channels to HMPBRD/CINI. His adherence to established procedure was rewarded a few days later when the Dean of Research summoned him and outlined a new plan, broader in scope
and more sweeping in its conception. The Dean pointed out that
not only apples but also cherries, oranges, lemons, and limes fell to
earth, and while they were about it they might as well obtain a
real, man-sized government contract to cover all the varieties of
fruit that grow above the ground. Newton started to explain the
misunderstanding about the apples but he stopped rather than
interrupt the Dean, who was outlining a series of conferences he
proposed to organize among fruit growers and representatives of
various departments of His Majesty’s Government. The Dean’s
eyes began to glaze as he talked, and he became unaware that
anybody else was in the room. Newton had an important committee meeting at that time, so he quietly went out the door,
leaving the Dean of Research in an ecstasy of planning.
The season passed, while Newton led a busy, useful life as a
member of many committees and chairman of some. One dark
winter’s day he was called again to the office of the Dean of Research. The Dean was beaming. The project was to be supported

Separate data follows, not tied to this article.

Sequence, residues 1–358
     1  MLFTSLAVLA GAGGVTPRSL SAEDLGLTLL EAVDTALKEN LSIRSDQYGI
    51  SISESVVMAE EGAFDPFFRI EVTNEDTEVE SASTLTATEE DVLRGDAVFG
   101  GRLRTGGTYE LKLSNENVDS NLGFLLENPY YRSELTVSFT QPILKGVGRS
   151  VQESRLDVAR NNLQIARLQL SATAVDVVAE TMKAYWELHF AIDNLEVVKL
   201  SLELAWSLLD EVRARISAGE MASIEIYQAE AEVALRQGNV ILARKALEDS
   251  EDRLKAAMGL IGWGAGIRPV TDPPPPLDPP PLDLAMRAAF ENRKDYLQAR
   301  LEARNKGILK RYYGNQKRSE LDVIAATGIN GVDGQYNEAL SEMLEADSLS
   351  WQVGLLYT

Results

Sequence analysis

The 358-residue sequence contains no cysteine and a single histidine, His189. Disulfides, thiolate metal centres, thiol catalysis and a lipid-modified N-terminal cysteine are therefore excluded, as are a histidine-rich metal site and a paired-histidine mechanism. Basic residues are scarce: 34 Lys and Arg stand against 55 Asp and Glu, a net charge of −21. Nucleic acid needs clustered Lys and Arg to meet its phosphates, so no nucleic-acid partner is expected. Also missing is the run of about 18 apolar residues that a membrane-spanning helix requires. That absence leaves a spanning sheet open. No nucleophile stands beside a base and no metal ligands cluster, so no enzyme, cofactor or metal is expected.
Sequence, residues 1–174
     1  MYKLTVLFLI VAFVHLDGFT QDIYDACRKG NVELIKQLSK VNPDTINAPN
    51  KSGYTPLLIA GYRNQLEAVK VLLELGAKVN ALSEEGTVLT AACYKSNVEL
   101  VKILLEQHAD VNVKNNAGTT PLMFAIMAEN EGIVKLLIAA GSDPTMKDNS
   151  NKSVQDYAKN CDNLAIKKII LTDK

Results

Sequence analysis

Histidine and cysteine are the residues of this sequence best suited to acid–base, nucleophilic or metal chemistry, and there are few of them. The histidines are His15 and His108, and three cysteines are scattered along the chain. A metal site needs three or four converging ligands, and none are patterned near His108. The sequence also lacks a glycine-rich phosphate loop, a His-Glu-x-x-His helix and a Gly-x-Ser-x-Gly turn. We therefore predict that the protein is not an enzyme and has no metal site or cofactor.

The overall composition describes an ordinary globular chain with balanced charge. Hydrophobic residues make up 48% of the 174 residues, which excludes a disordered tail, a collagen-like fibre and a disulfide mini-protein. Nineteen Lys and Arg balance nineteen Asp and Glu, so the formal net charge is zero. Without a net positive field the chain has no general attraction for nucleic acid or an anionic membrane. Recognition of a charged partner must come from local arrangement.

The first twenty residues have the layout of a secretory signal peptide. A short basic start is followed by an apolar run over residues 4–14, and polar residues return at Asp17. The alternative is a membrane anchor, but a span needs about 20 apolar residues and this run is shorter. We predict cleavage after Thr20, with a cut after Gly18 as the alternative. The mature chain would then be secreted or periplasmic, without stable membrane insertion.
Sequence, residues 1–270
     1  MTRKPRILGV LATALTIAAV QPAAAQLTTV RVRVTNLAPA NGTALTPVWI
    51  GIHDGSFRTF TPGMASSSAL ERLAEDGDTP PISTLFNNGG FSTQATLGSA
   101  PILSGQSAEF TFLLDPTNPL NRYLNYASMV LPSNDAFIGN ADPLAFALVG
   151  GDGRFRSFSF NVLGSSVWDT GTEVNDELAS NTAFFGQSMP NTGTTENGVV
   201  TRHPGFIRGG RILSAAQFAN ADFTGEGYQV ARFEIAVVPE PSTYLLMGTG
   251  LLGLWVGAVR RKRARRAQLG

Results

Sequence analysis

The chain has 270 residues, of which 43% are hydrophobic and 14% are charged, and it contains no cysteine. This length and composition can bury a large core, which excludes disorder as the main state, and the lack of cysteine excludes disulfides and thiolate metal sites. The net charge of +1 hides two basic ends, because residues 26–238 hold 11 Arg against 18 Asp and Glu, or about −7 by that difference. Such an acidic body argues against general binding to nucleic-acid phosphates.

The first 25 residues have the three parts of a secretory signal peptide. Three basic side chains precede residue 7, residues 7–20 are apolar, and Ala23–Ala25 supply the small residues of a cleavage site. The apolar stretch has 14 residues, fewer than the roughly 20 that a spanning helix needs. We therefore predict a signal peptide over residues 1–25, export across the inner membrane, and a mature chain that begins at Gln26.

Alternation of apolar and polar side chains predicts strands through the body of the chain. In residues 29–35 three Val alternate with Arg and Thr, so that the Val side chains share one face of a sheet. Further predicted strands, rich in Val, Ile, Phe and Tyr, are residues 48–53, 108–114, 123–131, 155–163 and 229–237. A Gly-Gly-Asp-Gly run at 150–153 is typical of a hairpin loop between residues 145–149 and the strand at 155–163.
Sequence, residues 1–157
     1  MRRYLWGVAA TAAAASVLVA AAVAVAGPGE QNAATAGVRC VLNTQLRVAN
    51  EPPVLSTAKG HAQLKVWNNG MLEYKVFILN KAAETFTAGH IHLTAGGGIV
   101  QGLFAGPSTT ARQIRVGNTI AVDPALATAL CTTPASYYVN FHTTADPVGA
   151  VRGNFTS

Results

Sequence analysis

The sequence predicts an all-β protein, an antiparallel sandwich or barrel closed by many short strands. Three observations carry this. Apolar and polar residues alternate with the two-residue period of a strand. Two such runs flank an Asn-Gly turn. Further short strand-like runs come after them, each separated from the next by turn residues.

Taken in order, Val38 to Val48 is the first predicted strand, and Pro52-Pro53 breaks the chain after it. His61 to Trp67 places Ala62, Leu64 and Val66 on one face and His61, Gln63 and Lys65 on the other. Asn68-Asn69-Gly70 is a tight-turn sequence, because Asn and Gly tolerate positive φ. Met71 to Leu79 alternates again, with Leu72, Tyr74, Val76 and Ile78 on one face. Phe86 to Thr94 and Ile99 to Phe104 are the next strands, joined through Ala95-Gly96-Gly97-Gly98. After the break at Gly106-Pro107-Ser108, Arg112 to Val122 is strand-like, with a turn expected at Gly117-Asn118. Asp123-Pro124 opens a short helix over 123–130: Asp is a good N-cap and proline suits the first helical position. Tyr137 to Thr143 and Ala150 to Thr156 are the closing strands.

by no less than five different branches of His Majesty’s Government plus a syndicate of seven large fruit growers. Newton’s part
in the project was to be small but important: he was to direct the
Subproject for Apples.
The following weeks were busy ones for Newton. Though
relieved from his committee work (a young instructor of Greek,
Latin, history and manual training took his place on the committees), he found himself cast into a morass of administrative
problems. He personally filled out 7852 forms, often in quintuplicate and sextuplicate; he interviewed 306 serving wenches and
hired IIO of them as technical assistants. With his own hands he
cleaned out an abandoned dungeon in a nearby castle for use as
subproject headquarters; and, turning carpenter in typically
versatile fashion, he erected twelve temporary buildings to house
his staff. These buildings, used today as classrooms, stand as a
monument to Newton’s career.
This period of his life was a happy and profitable one for Newton. From the time he rose in the morning until, exhausted with
honest labour, he dropped late at night back into his humble bed of
straw, he spent each day filling out payroll forms for his serving
wenches, ordering pens and paper, answering the questions of
the financial office, and showing distinguished visitors and the
Dean of Research around his subproject. Each week he wrote out
a full progress report which was duplicated and sent by special
messenger to 3388 other projects sponsored by His Majesty’s
Government throughout the British Isles.
One of these remarkable documents, in an excellent state of
preservation, can be found in the Museum of the Horticultural
Society of West Wales. In typically logical style, the report,
bound in a dark red stiff cover bearing the project number,
HMzwr 3801-g(293), stamped in gold leaf, opens with a succinct